I'm checking my impulse to shout "horseshit". There can be many perspectives in making a decision to join the military. Patriotism, adventure, duty, boredom, poverty . . . And likewise for the choice of trade in the military. I agree that individuals should be aware that killing and dying are intrinsic to military functions. However, the possibility of either happening are low (barring a sudden outbreak of a full spectrum war) and even then for some trades, the incidence of injury or death is probably no greater (and may even be lower) than in comparable civilian occupations.
I readily admit that the "primary" motivation why I joined the CF back many decades ago was (to steal a phrase used by an instructor on my TQ3 as the reason Nflders joined in large numbers) "because the garbage cans were frozen in the winter". It was steady employment with a future (though the pay was shit back then), there were opportunities to travel (get off the rock, at least), some of the things were adventurous and yes, I'll admit that I liked wearing a uniform. Killing and dying were not factors in my decision matrix. I don't think I was lied to and, despite the many stupid things I've done in the past 65 years, I don't think I'm an idiot. And while I haven't had to personally kill anyone (not that I haven't wanted to on occasion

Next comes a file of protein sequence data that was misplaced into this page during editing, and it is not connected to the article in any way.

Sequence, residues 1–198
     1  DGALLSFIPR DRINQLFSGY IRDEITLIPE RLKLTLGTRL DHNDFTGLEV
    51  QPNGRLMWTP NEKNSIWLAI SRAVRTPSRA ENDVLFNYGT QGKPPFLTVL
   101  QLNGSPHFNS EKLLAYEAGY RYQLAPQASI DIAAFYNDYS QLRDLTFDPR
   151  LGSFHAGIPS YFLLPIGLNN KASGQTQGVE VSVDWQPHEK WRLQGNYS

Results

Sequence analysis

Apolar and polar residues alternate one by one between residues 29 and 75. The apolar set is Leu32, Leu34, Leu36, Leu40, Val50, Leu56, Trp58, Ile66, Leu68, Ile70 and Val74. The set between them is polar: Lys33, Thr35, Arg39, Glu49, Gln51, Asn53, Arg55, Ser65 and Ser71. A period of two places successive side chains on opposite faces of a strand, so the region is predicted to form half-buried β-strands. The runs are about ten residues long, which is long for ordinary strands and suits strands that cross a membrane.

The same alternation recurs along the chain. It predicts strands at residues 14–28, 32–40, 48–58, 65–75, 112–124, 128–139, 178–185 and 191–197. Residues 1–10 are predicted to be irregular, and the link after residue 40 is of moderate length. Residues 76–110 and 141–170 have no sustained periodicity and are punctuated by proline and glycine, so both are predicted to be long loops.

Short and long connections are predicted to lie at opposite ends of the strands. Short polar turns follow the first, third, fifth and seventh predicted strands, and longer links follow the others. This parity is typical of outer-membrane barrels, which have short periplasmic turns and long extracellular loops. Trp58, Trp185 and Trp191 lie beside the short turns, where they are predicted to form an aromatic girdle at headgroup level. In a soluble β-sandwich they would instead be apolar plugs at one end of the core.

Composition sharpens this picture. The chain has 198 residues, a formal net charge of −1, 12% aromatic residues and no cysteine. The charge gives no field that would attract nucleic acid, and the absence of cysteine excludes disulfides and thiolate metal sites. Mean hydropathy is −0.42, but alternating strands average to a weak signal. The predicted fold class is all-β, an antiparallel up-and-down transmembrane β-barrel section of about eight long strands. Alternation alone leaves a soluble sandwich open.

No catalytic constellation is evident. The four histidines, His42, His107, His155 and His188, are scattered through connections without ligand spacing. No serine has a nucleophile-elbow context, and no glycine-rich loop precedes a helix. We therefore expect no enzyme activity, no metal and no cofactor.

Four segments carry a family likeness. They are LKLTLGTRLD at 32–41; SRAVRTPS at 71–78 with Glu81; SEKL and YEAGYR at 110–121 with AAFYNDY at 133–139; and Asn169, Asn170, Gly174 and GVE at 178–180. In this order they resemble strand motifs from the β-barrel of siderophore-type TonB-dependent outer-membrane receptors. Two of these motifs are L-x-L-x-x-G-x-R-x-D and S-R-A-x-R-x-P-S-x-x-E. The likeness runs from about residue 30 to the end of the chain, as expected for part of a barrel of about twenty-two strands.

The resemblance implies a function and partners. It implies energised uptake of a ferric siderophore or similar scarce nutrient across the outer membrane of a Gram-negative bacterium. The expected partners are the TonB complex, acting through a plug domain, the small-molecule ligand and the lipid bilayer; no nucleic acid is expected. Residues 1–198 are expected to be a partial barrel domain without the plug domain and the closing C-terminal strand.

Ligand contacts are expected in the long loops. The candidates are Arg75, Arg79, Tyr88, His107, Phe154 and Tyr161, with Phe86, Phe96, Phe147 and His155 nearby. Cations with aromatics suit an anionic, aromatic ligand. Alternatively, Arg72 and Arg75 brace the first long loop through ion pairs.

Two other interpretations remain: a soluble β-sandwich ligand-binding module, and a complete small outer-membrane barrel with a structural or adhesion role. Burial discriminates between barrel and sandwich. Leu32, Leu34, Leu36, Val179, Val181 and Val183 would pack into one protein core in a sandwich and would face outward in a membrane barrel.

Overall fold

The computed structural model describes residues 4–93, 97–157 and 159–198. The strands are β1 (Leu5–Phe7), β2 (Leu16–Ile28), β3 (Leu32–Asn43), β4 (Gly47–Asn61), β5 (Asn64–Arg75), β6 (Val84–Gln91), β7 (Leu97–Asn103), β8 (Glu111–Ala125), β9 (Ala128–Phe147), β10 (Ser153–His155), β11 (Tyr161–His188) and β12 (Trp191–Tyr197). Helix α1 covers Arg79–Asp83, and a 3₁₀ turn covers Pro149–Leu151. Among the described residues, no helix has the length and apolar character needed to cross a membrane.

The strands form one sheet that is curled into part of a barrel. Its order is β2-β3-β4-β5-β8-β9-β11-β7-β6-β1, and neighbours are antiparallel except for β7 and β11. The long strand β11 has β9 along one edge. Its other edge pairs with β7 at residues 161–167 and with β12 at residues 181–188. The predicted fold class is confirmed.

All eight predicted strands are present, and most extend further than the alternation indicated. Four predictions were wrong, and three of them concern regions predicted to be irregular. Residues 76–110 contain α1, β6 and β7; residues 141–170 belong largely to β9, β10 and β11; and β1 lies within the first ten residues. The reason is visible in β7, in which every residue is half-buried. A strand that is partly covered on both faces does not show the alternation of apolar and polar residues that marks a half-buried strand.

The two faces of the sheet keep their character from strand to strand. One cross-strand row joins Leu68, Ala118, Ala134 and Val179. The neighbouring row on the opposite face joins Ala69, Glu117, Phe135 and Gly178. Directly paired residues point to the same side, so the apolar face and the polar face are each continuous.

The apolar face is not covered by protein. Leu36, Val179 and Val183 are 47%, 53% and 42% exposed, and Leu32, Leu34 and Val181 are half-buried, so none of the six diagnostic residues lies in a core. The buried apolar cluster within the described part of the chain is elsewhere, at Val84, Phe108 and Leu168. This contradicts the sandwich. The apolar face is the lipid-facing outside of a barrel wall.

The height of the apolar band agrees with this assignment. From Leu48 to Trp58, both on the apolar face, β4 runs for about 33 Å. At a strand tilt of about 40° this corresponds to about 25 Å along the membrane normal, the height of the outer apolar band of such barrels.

), I have dealt with my fair share of death, but that was part of my trade (or a couple of the trades I had during my career).
Not everyone in uniform is there to fix bayonets, shout follow me and clear Scotty Dog Wood (though I went through those phases
); a large part of the military, in many cases the best remunerated part, turn wrenches and bend metal. Should they think of themselves just as tradesmen all wearing the same colour (multi-colour) clothes, no, I'm not saying that, but neither should they think themselves lesser mortals because their stock in trade is "a trade".